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I am writing an application in python that solves puzzles. I am searching some text for a combination of characters, if I have a set of characters [abcd], then I need to find sub-strings in the text that contain only the characters abcd, and also must contain at least one occurrence of each character- so that the characters abcd matches dcba or abbcdd, but not acd, bbcd or abced. If use regex [abcd]+ then I will get substrings that do not contain each character

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closed as not a real question by Oded, Carl Norum, bernie, Michael Petrotta, Rafał Rawicki Mar 18 '12 at 20:12

It's difficult to tell what is being asked here. This question is ambiguous, vague, incomplete, overly broad, or rhetorical and cannot be reasonably answered in its current form. For help clarifying this question so that it can be reopened, visit the help center.If this question can be reworded to fit the rules in the help center, please edit the question.

6  
You need to add the python tag. You also need to show what things you’ve already tried and explain what didn’t work. This is not a GIMME DA CODE site. –  tchrist Mar 18 '12 at 19:07
    
Can you please give us more details? This is far too vague. –  Austin Henley Mar 18 '12 at 19:24

2 Answers 2

If the string must contain at least abcd, but can contain others, then this would work

(?=.*a)(?=.*b)(?=.*c)(?=.*d)

if, as well they can only contain abcd, then this probably is better

^(?=.*a)(?=.*b)(?=.*c)(?=.*d)[abcd]+$

update

To answer you question, if you are looking for a floating version, this does what you want:

(?=([abcd]{4,}))(?=[bcd]*a)(?=[acd]*b)(?=[abd]*c)(?=[abc]*d)\1

Expanded:

      # At POSition
(?=                # Lookahead
   (                     # Capture grp 1
      [abcd]{4,}            # Get 4 or more (greedy) 'a' or 'b' or 'c' or 'd' characters
   )
)
(?=                # Lookahead, check for 'a' (still at POS) 
   [bcd]*a               # 0 or more [bcd]'s then 'a'
)
(?=                # Lookahead, check for 'b' (still at POS) 
   [acd]*b               # 0 or more [acd]'s then 'b'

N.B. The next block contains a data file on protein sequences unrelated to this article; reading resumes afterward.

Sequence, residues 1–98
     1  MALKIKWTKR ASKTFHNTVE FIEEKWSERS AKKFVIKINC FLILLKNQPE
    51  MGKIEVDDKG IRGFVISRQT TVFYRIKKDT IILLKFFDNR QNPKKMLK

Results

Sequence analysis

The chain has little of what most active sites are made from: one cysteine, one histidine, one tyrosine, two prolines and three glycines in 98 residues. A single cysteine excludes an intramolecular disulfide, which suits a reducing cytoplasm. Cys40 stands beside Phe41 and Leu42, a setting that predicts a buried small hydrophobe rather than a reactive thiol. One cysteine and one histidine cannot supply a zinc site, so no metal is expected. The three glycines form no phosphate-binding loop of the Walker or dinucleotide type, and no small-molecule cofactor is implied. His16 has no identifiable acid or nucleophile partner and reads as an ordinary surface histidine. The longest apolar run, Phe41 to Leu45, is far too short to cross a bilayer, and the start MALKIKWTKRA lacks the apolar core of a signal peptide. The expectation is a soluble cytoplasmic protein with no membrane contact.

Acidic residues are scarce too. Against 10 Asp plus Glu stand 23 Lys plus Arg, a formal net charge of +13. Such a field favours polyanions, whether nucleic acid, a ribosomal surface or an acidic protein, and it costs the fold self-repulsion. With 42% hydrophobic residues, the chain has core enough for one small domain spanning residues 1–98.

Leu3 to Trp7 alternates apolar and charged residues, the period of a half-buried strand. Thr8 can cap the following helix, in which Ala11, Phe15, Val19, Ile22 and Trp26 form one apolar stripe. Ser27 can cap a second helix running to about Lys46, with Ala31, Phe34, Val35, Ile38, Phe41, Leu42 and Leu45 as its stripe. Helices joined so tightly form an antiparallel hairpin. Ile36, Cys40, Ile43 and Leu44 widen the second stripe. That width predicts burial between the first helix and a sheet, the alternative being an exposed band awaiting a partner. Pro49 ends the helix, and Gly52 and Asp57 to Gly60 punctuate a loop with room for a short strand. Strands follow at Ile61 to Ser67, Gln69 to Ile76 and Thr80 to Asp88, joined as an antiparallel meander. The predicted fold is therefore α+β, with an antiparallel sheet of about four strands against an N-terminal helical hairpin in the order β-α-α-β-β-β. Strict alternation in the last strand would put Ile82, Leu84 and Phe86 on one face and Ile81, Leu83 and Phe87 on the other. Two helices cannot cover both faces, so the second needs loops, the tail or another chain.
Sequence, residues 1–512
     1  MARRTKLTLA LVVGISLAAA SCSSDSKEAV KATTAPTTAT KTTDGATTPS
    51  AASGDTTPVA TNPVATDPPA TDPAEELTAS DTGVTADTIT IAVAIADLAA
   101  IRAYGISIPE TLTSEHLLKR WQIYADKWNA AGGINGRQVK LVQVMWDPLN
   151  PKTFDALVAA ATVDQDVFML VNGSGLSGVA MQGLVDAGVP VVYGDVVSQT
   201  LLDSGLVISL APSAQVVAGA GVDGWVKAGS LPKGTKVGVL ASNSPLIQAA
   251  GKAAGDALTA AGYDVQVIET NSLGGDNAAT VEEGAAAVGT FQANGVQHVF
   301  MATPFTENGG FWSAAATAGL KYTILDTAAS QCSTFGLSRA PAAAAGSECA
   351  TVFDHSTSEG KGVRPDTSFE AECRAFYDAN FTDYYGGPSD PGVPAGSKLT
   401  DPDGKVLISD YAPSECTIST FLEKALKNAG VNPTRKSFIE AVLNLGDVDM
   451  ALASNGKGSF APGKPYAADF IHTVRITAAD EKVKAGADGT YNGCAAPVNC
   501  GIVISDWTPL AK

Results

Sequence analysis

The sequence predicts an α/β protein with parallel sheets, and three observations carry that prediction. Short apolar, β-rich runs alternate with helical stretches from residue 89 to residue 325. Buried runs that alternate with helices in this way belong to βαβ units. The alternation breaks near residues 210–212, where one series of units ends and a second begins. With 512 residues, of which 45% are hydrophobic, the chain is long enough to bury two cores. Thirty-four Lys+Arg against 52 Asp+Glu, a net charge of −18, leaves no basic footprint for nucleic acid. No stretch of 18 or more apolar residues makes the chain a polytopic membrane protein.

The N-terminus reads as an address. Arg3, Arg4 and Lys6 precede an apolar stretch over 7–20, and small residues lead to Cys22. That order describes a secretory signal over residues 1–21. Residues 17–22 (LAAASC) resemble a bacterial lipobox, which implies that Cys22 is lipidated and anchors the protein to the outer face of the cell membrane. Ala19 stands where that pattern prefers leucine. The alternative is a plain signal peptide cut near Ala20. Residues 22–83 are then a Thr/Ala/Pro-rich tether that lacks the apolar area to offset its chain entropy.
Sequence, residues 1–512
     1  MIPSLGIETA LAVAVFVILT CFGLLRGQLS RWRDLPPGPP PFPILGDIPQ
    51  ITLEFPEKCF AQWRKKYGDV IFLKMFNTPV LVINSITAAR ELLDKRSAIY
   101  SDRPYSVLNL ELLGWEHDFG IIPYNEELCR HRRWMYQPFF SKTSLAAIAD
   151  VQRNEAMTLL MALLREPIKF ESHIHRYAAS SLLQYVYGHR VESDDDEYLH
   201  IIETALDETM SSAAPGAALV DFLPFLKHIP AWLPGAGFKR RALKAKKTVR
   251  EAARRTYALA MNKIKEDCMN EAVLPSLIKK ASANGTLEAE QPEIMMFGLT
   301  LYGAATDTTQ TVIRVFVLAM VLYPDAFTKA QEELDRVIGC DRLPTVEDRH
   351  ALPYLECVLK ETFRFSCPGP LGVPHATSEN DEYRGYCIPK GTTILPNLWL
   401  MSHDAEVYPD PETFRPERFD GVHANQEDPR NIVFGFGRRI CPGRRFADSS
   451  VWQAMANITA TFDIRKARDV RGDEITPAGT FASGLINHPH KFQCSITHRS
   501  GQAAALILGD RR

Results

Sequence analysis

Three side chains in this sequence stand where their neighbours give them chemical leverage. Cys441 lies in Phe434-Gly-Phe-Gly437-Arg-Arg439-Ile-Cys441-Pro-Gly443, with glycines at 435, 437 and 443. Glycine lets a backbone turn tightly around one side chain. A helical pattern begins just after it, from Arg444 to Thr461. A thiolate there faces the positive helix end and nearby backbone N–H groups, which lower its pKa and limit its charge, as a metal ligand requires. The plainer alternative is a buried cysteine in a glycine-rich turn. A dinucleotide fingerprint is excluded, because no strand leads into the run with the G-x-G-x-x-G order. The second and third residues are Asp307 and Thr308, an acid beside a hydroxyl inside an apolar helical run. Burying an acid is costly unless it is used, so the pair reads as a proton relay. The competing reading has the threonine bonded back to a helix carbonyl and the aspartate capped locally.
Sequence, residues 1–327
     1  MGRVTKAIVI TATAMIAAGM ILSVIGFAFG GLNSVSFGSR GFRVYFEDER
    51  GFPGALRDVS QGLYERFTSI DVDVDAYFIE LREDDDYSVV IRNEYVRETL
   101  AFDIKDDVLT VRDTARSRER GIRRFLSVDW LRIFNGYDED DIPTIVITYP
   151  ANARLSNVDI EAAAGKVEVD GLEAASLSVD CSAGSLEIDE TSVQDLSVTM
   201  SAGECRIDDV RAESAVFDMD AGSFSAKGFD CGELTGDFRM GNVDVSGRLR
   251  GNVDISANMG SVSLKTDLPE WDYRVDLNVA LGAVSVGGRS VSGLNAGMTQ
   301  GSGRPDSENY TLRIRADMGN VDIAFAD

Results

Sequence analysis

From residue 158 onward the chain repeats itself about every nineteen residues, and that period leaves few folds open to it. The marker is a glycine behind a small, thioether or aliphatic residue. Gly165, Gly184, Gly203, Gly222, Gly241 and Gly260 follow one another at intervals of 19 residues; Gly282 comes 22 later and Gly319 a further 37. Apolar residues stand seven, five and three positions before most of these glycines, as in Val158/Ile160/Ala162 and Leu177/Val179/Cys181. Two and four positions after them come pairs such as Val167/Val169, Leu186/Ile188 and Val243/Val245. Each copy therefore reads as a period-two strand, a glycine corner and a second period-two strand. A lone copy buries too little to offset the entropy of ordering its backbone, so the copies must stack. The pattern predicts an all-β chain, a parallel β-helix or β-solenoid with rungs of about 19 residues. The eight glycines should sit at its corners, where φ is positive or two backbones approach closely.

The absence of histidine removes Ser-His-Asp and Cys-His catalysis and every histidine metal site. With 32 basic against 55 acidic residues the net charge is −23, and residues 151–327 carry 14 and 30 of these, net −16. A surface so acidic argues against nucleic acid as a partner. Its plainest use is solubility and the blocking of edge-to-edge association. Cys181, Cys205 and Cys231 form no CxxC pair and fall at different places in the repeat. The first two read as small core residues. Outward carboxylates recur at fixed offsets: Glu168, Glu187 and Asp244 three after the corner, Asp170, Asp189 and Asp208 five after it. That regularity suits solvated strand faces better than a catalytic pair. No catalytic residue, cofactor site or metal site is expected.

)
(?=                # Lookahead, check for 'c' (still at POS) 
   [abd]*c               # 0 or more [abd]'s then 'c'
)
(?=                # Lookahead, check for 'd' (still at POS)
   [abc]*d               # 0 or more [abc]'s then 'd'
)
\1                 # Backref to capt grp 1, consume it

    # Passed test, now at POSition + length of capture group 1

more

You might be able to systematically construct a regex from a search string. I don't know python that well, so here is a sample of how to do it in Perl. Be aware though, that the longer the string is, the longer time it will take to find matches but this should be fairly quick.

use strict;
use warnings;

my $samp  = 'bddaaabcabbad characters abcd matches dcba or abbcdd, but not acd, bbcd or abced';

my $regex = '(?=([abcd]{4,}))(?=[bcd]*a)(?=[acd]*b)(?=[abd]*c)(?=[abc]*d)\1';

while ($samp =~/$regex/xg)
{
    print "Found '$1'\n";
}

# Regex construction
# ------------------------------
my @AryofSearchStrs = (
 'abcd',
 '%^&*',
 'hi( )there',
 '==-yes',
);

for my $search_string (@AryofSearchStrs)
{
   my $str = $search_string;
   while( $str =~ s/(.)(.*)\1/$1$2/g) {}

   my @astr = split '', $str;

   my $rxformed = '(?=([' . quotemeta($str) . ']{' . length($str) . ',}))';
   for (my $i = 0; $i < @astr; $i++)
   {
      $rxformed .=
       '(?=['
       . join( '', map { quotemeta($_) } @astr[0..($i-1), ($i+1)..$#astr] )
       . ']*'
       . quotemeta($astr[$i])
       . ')';
   }
   $rxformed .= '\1';

   print "\n\n============\n";
   print "Search string = '$search_string'\n";
   print "Normalized    = '$str'\n";
   print "Formed regex  = \n$rxformed\n";
}

Output

Found 'bddaaabcabbad'
Found 'abcd'
Found 'dcba'
Found 'abbcdd'


============
Search string = 'abcd'
Normalized    = 'abcd'
Formed regex  =
(?=([abcd]{4,}))(?=[bcd]*a)(?=[acd]*b)(?=[abd]*c)(?=[abc]*d)\1


============
Search string = '%^&*'
Normalized    = '%^&*'
Formed regex  =
(?=([\%\^\&\*]{4,}))(?=[\^\&\*]*\%)(?=[\%\&\*]*\^)(?=[\%\^\*]*\&)(?=[\%\^\&]*\*)\1


============
Search string = 'hi( )there'
Normalized    = 'hi( )ter'
Formed regex  =
(?=([hi\(\ \)ter]{8,}))(?=[i\(\ \)ter]*h)(?=[h\(\ \)ter]*i)(?=[hi\ \)ter]*\()(?=[hi\(\)ter]*\ )(?=[hi\(\ ter]*\))(?=[hi\(\ \)er]*t)(?=[hi\(\ \)tr]*e)(?=[hi\(\ \)te]*r)\1


============
Search string = '==-yes'
Normalized    = '=-yes'
Formed regex  =
(?=([\=\-yes]{5,}))(?=[\-yes]*\=)(?=[\=yes]*\-)(?=[\=\-es]*y)(?=[\=\-ys]*e)(?=[\=\-ye]*s)\1
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Thanks! The latter method works to match the entire string, however I actually need to actually find the character sequence as a substring within a larger body of text. I am not actually sure how the above methods work, so I am having trouble working from it. I have gone through a regex tutorial that covers the above syntax elements, but I don't understand how they are used in this context. Any point in the right direction to understanding this would be much appreciated. –  python whisperer Mar 19 '12 at 0:27
    
@python whisperer - added a regex and explanation to get the substrings you need. As always, if you find these usefull, be sure to upvote and accept an answer (if you can yet). –  sln Mar 20 '12 at 2:36

Why would you use regex here?

def hasChars(search_string, chars):
    return all(x in search_string for x in chars)

>>> hasChars('aaabcd', 'abc')
True
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